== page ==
Year in review: Brexit

04 January 2018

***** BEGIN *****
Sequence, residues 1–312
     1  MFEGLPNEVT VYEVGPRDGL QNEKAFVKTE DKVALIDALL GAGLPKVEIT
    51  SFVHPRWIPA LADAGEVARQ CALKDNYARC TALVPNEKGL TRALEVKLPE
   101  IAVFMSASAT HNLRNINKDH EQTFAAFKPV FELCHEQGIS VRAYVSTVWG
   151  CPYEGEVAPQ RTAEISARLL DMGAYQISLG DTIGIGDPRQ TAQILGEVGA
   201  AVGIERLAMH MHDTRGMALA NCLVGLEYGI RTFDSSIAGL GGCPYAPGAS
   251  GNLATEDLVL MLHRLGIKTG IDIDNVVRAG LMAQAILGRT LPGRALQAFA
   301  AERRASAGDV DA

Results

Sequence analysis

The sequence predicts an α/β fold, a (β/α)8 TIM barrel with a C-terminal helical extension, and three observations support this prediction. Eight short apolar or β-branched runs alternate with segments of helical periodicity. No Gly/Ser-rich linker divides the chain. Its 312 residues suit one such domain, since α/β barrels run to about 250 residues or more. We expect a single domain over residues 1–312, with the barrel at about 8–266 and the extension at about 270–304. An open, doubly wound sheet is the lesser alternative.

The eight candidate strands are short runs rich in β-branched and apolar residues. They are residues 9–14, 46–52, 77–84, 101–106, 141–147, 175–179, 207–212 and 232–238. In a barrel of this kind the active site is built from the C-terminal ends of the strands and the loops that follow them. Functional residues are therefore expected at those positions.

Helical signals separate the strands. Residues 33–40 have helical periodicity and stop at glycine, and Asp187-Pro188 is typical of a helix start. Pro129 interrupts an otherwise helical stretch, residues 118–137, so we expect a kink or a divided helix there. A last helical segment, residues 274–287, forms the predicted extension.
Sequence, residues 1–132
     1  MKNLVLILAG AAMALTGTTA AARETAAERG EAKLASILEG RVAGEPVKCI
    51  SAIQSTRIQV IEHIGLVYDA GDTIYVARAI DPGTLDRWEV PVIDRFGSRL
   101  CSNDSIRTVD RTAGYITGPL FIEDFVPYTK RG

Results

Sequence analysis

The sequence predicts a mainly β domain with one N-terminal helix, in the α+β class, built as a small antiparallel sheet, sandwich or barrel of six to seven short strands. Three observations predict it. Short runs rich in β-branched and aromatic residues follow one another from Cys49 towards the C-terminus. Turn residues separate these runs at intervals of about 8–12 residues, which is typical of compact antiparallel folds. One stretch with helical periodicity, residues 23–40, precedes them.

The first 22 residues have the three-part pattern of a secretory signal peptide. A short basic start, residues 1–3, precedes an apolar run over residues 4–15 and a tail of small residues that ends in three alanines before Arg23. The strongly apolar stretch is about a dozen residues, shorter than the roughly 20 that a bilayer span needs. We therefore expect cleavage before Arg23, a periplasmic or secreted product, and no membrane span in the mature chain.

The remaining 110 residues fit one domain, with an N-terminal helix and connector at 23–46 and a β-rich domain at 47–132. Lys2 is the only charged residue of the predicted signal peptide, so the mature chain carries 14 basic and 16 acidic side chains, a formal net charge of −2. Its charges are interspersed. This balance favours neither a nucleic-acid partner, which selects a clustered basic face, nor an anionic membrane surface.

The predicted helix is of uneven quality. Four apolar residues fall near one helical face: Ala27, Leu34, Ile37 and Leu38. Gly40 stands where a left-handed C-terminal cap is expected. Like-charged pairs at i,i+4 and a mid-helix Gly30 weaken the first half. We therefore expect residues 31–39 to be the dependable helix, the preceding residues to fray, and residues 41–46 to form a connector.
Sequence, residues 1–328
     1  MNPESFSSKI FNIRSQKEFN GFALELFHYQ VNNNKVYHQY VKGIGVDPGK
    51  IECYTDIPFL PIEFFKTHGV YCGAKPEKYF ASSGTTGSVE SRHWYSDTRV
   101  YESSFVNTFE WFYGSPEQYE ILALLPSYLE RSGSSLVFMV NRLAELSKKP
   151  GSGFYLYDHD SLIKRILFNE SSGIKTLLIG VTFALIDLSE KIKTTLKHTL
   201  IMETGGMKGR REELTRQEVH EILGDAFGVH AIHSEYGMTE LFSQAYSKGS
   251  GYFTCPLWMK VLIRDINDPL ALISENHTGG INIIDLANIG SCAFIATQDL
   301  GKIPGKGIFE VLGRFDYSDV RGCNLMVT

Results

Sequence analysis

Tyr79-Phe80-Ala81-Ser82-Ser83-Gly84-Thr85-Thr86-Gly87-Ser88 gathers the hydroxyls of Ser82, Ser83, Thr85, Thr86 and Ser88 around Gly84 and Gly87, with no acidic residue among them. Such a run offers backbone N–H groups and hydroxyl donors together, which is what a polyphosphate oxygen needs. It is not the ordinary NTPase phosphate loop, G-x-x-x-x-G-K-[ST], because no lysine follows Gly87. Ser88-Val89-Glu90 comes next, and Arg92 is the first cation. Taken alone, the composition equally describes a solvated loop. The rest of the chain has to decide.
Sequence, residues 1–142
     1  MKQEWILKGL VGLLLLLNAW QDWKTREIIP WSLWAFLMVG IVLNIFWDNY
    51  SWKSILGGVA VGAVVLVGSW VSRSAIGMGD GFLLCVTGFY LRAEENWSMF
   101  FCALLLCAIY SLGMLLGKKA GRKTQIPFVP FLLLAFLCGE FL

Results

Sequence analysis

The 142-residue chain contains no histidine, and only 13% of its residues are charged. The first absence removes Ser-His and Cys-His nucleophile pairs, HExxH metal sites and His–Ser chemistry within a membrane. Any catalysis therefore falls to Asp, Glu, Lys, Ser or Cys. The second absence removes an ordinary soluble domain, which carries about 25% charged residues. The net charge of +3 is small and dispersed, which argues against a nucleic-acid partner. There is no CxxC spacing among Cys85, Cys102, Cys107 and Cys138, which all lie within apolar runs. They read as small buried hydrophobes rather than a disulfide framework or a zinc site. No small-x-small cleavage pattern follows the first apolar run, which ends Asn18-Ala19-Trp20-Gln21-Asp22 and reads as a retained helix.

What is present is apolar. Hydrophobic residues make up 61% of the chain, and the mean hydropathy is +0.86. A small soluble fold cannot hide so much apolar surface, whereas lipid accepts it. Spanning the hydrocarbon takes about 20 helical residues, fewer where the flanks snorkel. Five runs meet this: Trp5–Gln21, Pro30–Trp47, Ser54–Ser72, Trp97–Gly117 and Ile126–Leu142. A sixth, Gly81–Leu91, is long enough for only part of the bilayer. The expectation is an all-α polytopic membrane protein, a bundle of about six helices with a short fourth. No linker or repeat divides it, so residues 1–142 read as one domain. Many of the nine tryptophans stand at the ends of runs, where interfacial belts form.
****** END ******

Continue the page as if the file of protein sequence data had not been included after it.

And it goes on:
4 January 2018 While the UK voted to leave the European Union during 2016, it was last year that the impact of the move, dubbed ′Brexit’ became apparent. Following the triggering of Article 50, the clause to begin the process of leaving, negotiations started and the potential effects of the move became clearer. The UK will leave the European Union by the middle of 2019, so there is a long way to go in the negotiations. However, concerns over the movement of goods and the potential for a ′hard’ Brexit, where tariffs would be imposed on goods, meant the car industry started wondering whether investing and building in Britain would be a good idea. Autovista Group covered 62 stories related to Brexit through the course of the year. The news started positively, with Toyota announcing it is to invest £240m (€276m) in its UK Burnaston plant. President and CEO of Toyota Motor Europe Dr Johan van Zyl said: ′Our investment demonstrates that, as a company, we are doing all we can to raise the competitiveness of our Burnaston plant in Derbyshire. Continued tariff-and-barrier free market access between the UK and Europe that is predictable and uncomplicated will be vital for future success.’ However, while Toyota had followed Nissan in announcing investment, questions were raised following government intervention in the deal, with ministers offering certain assurances to secure the Japanese manufacturer’s backing. It was later revealed that assurances were also given to Toyota. Therefore, when VW discussed investment in its Bentley plants in the country, the British Government declined to release details of talks over guarantees made to secure its manufacturing in Britain after Brexit. Fears over a complicated leaving process and issues surrounding possible tariffs sparked various companies and industry bodies into action. The Society of Motor Manufacturers and Traders (SMMT) was first to call for an ′interim’ period after 2019 to allow for adjustment. The group asked the government to seek an arrangement that would maintain membership of the EU single market and customs union until a final agreement on a new relationship is negotiated and implemented. Vehicle manufacturer Honda also warned that any departure from the EU’s customs union would push up costs for small and medium-sized parts suppliers, which could see the UK supply chain seise up. However, in August,  the government announced a proposal for an ′innovative and untested’ new UK-EU customs ′partnership’, which would avoid customs checks and enable ′frictionless’ trade. This would involve importers from outside the UK and EU paying whichever tariff out of the UK or EU is higher, and then reclaim the difference if the goods are sold in the region with the lower tariff. Later in the year, as negotiations between Britain and the EU continued with limited success, the automotive industry started calling for clarity over the situation. Despite its investment plans, Toyota asked the government to ′lift the fog’ surrounding negotiations, while Honda became the first manufacturer to reveal that it could not absorb the potential 10% tariffs placed on imports and exports, meaning vehicle prices would need to rise, or it would have to look at manufacturing in mainland Europe. Ford also warned that a ′hard’ Brexit could lead to a withdrawal of investment in UK facilities and manufacturing in another stark warning about the impact of the situation on the automotive industry. The company said that it would be difficult to ′unwind’ its supply chain after 40 years of establishing it. As well as manufacturers, the aftermarket could also be hit by Brexit. The Institute of the Motor Industry (IMI) warned that unless European Block Exemption rules were employed by the UK following Brexit, independent garages could lose access to vehicle data that is essential to their work. Also, the SMMT suggested that British motorists could see their annual service and repair costs rise by 10% due to Brexit if no deal is reached between the UK and EU over tariffs and other barriers to trade. The process also saw investment in UK automotive plummet. Just £322 million (€392 million) was pumped in during the first half of 2017. In 2016, almost £1.7 billion (€1.9 billion) was invested in the automotive market across the whole year, which was also down on 2015, when £2.5 billion (€2.8 billion) was put in. The situation became so untenable with various warnings and concerns, that UK automotive executives met with the UK Prime Minister to seek ′urgent clarity’ over future trading relations with the European Union after Brexit if they are to continue investing in the country’s automotive market. The situation is expected to clear in 2018 as negotiations continue. However it remains to be seen whether the UK will achieve a free trade deal with Europe, or whether tariffs will need to be imposed, and whether manufacturers will then shut their plants in the country.